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February 2014

PNNL's Condensed Phase Research Proves Popular with Scientists

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Experimental and theoretical scientists at Pacific Northwest National Laboratory had three articles on the most-accessed list in the Liquid, Glasses, and Crystals category of The Journal of Chemical Physics.

Congratulations to our experimental and theoretical chemical physicists at Pacific Northwest National Laboratory (PNNL) who had three articles among the most-accessed ones in the Liquid, Glasses, and Crystals category of The Journal of Chemical Physics. The publication is the most highly cited journal in atomic, molecular, and chemical physics according to Thomson Reuters, making it the place to publish for leaders in the field. Scientists from PNNL routinely publish their research, sponsored by the U.S. Department of Energy's Office of Basic Energy Sciences (BES), in this journal.

Two of the popular articles explained how cracks form in amorphous solid water films. The researchers proved that in some cases, gases trapped under the water films are released via fissures that form during crystallization. When thicker layers of gas are trapped, the gas can escape before crystallization.

One of the articles, "The release of trapped gases from amorphous solid water films. I. "Top-down" crystallization-induced crack propagation probed using the molecular volcano," by R. Alan May, R. Scott Smith, and Bruce D. Kay, was viewed more than 400 times since March 2013. The abstract was viewed more than 1000 times. The companion article, "The Release of Trapped Gases from Amorphous Solid Water Films. II. "Bottom-Up" Induced Desorption Pathways," was downloaded 215 times; the abstract was viewed more than 400 times. Artwork from the articles graced the journal's cover.

The third popular article, "Molecular Origin of the Difference in the HOH Bend of the IR Spectra Between Liquid Water and Ice," by Sho Imoto, Sotiris Xantheas, and Shinji Saito, demonstrated, through molecular simulations, the molecular origin of the observed difference in the HOH bend between liquid water and ice. The simulations were performed with the Thole-Type Model (TTM3-F), an ab initio-based flexible, polarizable interaction potential for water that was developed at PNNL under BES support. The abstract has been viewed more than 700 times, and the full paper has been downloaded 424 times since February 2013. Imoto visited PNNL for two months during this graduate research as part of a national grant for overseas visits from the government of Japan. He spent the other month of his scholarship at the Massachusetts Institute of Technology. There, he worked with experimentalists who measure the structure and dynamics of liquid water using infrared spectrometry.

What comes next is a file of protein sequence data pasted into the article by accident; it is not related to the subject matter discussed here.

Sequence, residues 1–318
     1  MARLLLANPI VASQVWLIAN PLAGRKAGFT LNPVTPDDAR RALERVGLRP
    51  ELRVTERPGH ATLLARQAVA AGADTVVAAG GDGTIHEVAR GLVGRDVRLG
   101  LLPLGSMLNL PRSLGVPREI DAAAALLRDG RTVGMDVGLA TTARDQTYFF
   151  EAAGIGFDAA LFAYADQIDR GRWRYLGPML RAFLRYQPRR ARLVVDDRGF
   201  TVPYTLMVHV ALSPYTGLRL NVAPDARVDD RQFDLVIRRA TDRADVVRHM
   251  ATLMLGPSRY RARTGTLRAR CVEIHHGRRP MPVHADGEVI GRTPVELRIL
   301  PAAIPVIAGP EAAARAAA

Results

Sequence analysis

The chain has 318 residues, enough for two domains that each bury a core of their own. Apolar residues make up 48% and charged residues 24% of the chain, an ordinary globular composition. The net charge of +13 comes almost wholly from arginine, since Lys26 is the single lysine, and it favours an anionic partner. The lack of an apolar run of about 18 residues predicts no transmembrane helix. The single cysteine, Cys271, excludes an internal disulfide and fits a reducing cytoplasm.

The research for all of the articles was supported by the BES Division of Chemical Sciences, Geosciences, and Biosciences: Condensed Phase Chemical Physics program. The fact that these articles are among the most often downloaded is evidence of the impact and leadership the program is having on the condensed phase chemical physics community at large.

Articles

R. Alan May, R. Scott Smith, and Bruce D. Kay. 2013. "The Release of Trapped Gases from Amorphous Solid Water Films. I. "Top-Down" Crystallization-Induced Crack Propagation Probed Using the Molecular Volcano." The Journal of Chemical Physics 138:104501. DOI: 10.1063/1.4793311

R. Alan May, R. Scott Smith, and Bruce D. Kay. 2013. "The Release of Trapped Gases from Amorphous Solid Water Films. II. "Bottom-Up" Induced Desorption Pathways." The Journal of Chemical Physics 138:104502. DOI: 10.1063/1.4793312

Sho Imoto, Sotiris S. Xantheas, and Shinji Saito. 2013. "Molecular Origin of the Difference in the HOH Bend of the IR Spectra Between Liquid Water and Ice." The Journal of Chemical Physics 138:054506. DOI: 10.1063/1.4789951


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